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July 30, 2012
 

Obama’s Mother Had Black Ancestor, Likely a Slave

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Written by: Kelly Virella
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Photo courtesy of Flickr/U.S. Embassy, Jakarta, Indonesia

T

he worst fears of Cornel West and the birthers and anyone else who’s questioned Barack Obama’s authenticity as an African-American or American have come true. Not only is the president born in America — he and his mother are most likely descended from the first slave in American history, a man named John Punch, according to new genealogical research by Ancestry.com.

The circumstantial evidence is strong, according to two genealogists who’ve reviewed it, but pretty convoluted. Fortunately, the Gray Lady broke it down this morning. You should definitely read The New York Times’ account, but here’s a quick summary of the reasoning:

  1. Obama’s mother descends from a family called the Bunches.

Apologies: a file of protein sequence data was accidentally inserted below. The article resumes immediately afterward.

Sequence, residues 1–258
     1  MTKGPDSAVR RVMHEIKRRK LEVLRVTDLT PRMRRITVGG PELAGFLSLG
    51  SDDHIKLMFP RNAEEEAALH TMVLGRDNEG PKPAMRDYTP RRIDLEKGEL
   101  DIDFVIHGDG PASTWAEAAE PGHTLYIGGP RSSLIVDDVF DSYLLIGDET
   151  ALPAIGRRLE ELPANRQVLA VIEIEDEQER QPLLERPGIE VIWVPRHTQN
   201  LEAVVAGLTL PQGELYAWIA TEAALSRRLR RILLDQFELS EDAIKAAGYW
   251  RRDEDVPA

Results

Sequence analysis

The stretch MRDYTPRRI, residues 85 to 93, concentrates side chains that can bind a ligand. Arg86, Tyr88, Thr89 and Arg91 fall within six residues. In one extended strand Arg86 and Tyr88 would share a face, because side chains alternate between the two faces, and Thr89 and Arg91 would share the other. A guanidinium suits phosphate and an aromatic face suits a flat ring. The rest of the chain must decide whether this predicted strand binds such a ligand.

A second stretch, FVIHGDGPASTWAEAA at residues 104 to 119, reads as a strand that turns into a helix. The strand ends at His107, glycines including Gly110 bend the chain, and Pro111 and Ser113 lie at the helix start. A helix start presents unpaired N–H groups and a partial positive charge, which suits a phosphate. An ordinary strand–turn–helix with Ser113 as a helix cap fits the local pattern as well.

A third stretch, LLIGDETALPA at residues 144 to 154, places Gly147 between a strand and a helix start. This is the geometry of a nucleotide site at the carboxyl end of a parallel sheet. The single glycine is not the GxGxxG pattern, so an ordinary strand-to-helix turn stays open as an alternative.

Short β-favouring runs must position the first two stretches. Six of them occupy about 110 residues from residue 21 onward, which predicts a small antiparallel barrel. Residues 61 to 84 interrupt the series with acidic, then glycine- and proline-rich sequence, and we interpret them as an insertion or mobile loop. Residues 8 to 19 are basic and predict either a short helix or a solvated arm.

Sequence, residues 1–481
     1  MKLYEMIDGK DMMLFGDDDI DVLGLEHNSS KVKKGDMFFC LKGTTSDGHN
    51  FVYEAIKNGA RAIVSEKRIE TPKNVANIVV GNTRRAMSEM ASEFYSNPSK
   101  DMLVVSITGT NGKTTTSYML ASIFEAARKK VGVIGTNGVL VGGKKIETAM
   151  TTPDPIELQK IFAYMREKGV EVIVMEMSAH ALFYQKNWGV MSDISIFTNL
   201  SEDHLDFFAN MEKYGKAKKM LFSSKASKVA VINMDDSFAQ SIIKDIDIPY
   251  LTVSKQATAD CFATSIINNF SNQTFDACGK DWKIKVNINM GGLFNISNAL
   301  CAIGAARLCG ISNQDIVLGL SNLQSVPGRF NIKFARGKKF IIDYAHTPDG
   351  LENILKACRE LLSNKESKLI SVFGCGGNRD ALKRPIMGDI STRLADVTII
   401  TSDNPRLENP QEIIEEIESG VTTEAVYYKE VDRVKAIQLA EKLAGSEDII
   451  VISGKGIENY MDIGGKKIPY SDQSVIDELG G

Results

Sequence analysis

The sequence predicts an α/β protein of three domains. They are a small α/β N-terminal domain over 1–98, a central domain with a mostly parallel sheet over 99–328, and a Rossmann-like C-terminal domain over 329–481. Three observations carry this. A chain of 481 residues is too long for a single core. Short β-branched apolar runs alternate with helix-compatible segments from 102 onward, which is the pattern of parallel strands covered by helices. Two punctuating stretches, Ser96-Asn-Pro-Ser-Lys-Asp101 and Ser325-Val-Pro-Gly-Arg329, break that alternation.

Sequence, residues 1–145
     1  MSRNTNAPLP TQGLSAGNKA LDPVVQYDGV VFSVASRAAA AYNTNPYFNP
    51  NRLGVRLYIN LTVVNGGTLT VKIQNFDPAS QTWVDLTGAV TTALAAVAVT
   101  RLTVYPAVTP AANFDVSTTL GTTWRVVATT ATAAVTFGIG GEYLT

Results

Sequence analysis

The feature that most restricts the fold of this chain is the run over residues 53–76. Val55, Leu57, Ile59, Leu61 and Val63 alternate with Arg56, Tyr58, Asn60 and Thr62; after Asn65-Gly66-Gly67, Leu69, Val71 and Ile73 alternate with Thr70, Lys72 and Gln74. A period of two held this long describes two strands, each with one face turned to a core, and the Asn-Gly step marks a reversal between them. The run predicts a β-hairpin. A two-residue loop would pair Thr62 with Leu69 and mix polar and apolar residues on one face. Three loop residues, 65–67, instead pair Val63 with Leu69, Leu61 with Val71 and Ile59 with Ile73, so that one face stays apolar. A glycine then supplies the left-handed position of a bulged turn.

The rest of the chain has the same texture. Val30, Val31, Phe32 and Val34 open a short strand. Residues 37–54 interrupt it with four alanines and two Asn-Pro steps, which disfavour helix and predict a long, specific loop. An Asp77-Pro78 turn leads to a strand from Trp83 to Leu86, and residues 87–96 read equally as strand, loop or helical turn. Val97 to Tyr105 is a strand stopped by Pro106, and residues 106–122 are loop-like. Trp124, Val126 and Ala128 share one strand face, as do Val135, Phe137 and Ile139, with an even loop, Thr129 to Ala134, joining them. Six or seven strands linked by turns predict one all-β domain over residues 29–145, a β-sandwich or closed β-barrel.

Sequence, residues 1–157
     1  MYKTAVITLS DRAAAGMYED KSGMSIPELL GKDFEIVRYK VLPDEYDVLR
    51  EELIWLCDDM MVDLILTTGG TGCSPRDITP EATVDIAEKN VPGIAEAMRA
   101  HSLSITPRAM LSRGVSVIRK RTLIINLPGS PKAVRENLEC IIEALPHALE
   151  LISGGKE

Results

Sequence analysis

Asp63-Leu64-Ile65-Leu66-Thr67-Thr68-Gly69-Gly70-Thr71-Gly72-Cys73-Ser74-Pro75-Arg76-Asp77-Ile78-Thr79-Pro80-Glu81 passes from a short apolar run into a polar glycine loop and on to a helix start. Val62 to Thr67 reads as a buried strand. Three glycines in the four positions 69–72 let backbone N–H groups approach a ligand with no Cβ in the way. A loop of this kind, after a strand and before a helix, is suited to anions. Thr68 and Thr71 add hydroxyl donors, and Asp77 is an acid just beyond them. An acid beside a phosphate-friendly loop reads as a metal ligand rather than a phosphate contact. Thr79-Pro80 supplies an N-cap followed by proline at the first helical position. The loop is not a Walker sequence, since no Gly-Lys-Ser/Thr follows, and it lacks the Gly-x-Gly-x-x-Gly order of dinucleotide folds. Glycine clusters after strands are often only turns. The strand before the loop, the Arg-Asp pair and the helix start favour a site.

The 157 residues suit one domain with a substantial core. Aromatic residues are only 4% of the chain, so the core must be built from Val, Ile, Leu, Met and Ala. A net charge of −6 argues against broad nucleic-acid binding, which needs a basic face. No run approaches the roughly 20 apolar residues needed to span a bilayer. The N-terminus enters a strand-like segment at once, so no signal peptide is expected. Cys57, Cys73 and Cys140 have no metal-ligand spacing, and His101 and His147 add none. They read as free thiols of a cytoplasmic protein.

2. The Bunch males have markers on their genes indicating sub-saharan African ancestry.
  3. The family traces its genealogy back to colonial Virginia, where John Punch once lived in the early 1600s.
  4. Punch fathered children with a white woman, records suggest.
  5. The similarity between the surnames Punch and Bunch and
  6. the relative dearth of Africans in Virginia during that era led Ancestry.com researchers to conclude Punch is probably Obama’s forebear.

It’s not air-tight logic and  let me be clear (to borrow a phrase from Obama): to be the first black slave in American history is nothing to celebrate. But the announcement is a pretty extraordinary feat of political gamesmanship — even if the president didn’t orchestrate any of it. How will his detractors top the news that the most racially exotic man in America has become even more racially exotic? The only thing comparable would be the announcement that Mitt’s real mother was his father’s Mexican-American maid. I don’t know if the family ever had one, but it’s a place Mitt could start looking if he feels he needs to concoct a multi-cultural background.

 



About the Author

Kelly Virella
Kelly Virella lives in an East Harlem walk-up with her husband, her bicycle and her books. She's worked as a journalist for 11 years and started this website during the summer of 2011. She fell in love with New York City during her first visit here as a 16-year-old and finally made good on her promise to move here in April 2010.



 
 

 
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